Study: Patients Don't Abuse Email Privileges with Docs

the MPR take:

Although challenges persist regarding email communication between clinicians and patients, patients are not likely to overwhelm their doctors with email volume. A new study in the journal Health Affairs analyzed message volume in a large academic health system’s patient portal from 2001 –2010; by the end of the study, 22.7% of all patients in the health system had enrolled in the portal and 36.9% of these patients had sent at least one message to a physician. Some physicians worry that patients will send an overwhelming number of emails but in this study, the number of messages per hundred patients per month stabilized between 2005–2010. The total number of emails tripled over the study time frame due to the increasing number of participating patients, not because individual patients were sending more and more emails. Messages were most often sent in the morning, but approximately one-third were sent after office hours, which suggest that email could help to prevent emergency room visits with improved doctor-patient communication in off-hours. Unfortunately for most physicians, email communication is not usually an activity that is reimbursed by private insurance companies (unlike face-to-face office visits). The study authors suggests new innovative models for reimbursement that would take into account time spent on email communication, as well as direct financial incentives.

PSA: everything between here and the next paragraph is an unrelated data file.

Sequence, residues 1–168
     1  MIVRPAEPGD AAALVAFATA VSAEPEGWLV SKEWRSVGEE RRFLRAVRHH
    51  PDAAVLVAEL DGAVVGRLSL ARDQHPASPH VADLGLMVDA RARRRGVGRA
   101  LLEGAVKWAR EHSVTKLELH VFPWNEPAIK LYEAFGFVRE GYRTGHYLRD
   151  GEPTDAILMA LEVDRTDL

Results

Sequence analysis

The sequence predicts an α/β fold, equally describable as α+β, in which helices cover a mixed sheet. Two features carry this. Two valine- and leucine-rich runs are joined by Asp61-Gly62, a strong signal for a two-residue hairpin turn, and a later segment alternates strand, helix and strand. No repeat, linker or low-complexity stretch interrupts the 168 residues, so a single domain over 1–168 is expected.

Study: Patients Don't Abuse Email Privileges with Docs
Study: Patients Don't Abuse Email Privileges with Docs

Remember memos. As late as the 1990s, businesspeople would type, print and copy a formal memorandum onto a sheet of pre-printed letterhead to be delivered the next day. But those days before email are ancient history, right. Perhaps not, if you work in healthcare. Despite fueling nearly 18% of our [...].








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